Temporomandibular joint (TMJ) disorder can cause headaches through several mechanisms, as this joint is closely connected to numerous structures in the head and neck. This joint connects your jawbone to your skull. If the jaw joint is not correctly aligned to your skull, can strain the head, neck, and jaw system that in turn can lead to a wide range of symptoms that often seek medical care for.
Dr. Konig explains, these are some ways that TMJ disorders can cause headaches:
- Muscle Tension: TMJ can lead to muscle tension and spasms in the muscles of the jaw, face, and neck. This muscle tension is often the result of the muscles being overworked and strained. This results in headaches in the temporal area and neck
- Nerve Irritation: The temporomandibular joint is located close to various nerves, including the trigeminal nerve, which is responsible for sensations in the face and head. If the TMJ is inflamed or not functioning properly, it can irritate these nerves, leading to referred pain in the form of headaches or even migraines. There are also nerves in the ear, that when jaw joints compress on them can cause further irritation
- Jaw Misalignment: TMJ disorders can result from issues like a misaligned bite or a dislocated jaw joint. When your bite is not properly aligned, it can create stress and tension on the jaw joint and surrounding structures, potentially triggering headaches. This is similar to driving a car out of alignment, it places abnormal strain on the muscles and nerves.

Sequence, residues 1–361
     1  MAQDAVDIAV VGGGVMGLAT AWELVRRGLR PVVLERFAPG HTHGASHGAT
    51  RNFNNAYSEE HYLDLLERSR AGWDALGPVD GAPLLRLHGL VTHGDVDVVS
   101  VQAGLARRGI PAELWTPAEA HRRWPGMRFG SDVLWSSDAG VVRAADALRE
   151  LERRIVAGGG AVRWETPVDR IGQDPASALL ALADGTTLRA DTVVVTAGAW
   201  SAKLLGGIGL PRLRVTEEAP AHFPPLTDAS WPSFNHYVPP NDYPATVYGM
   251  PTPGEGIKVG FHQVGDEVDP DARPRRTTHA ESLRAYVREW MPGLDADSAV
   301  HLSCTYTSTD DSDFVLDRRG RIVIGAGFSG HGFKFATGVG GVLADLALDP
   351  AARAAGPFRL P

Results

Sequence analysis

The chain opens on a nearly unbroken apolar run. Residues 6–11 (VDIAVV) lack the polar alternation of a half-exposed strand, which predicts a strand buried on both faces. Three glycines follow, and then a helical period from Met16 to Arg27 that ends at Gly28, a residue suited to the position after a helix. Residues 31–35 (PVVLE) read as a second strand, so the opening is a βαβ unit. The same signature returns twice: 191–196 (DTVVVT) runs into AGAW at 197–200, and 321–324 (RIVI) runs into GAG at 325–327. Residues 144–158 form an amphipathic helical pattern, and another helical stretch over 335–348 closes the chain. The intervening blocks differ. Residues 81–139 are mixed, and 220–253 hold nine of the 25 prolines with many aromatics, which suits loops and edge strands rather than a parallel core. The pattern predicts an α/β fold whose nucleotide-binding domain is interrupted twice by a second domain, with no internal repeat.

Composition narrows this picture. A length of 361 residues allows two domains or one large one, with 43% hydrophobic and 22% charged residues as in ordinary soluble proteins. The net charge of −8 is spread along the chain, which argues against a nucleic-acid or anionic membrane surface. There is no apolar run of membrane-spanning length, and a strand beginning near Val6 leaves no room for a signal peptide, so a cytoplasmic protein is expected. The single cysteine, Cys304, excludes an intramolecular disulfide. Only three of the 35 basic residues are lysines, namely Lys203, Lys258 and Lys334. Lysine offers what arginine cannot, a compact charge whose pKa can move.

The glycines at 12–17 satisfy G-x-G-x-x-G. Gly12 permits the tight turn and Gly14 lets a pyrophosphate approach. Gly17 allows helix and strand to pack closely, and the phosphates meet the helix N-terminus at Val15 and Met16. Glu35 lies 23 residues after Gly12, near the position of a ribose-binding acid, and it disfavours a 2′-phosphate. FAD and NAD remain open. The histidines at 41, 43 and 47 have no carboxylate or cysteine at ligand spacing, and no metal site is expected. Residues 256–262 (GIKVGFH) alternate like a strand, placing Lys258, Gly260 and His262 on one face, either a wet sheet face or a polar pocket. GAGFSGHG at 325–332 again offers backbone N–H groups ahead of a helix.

- Teeth Grinding (Bruxism): TMJ disorders are often associated with teeth grinding or clenching, especially during sleep. This can exert excessive force on the jaw joint and the surrounding muscles, leading to muscle fatigue and tension that can radiate into the head as headache pain. Additionally, sometimes patients brux to open their airway as they may have sleep apnea.
- Posture and Muscle Imbalance: TMJ issues can alter your posture and how you hold your head and neck. Many times TMJ patients present with forward head posture or rotated disc in the neck (CO/C1) This change in posture can lead to muscle imbalances and strain in the neck and upper back muscles, which may also result in headaches. Often times patients have seen chiropractors who can realign the cervical vertebrae, however, it fails to hold if the jaw is misaligned.
Dr. Konig adds, not all headaches are caused by TMJ, and there can be multiple factors that can cause headaches. Often times our patients have seen numerous medical specialist and have ruled out other issues. If you suspect that your headaches are related to TMJ or if you have persistent headaches, please feel free to contact our office, Ronald W. Konig DDS, FAGD, LVIF, 713-668-2289.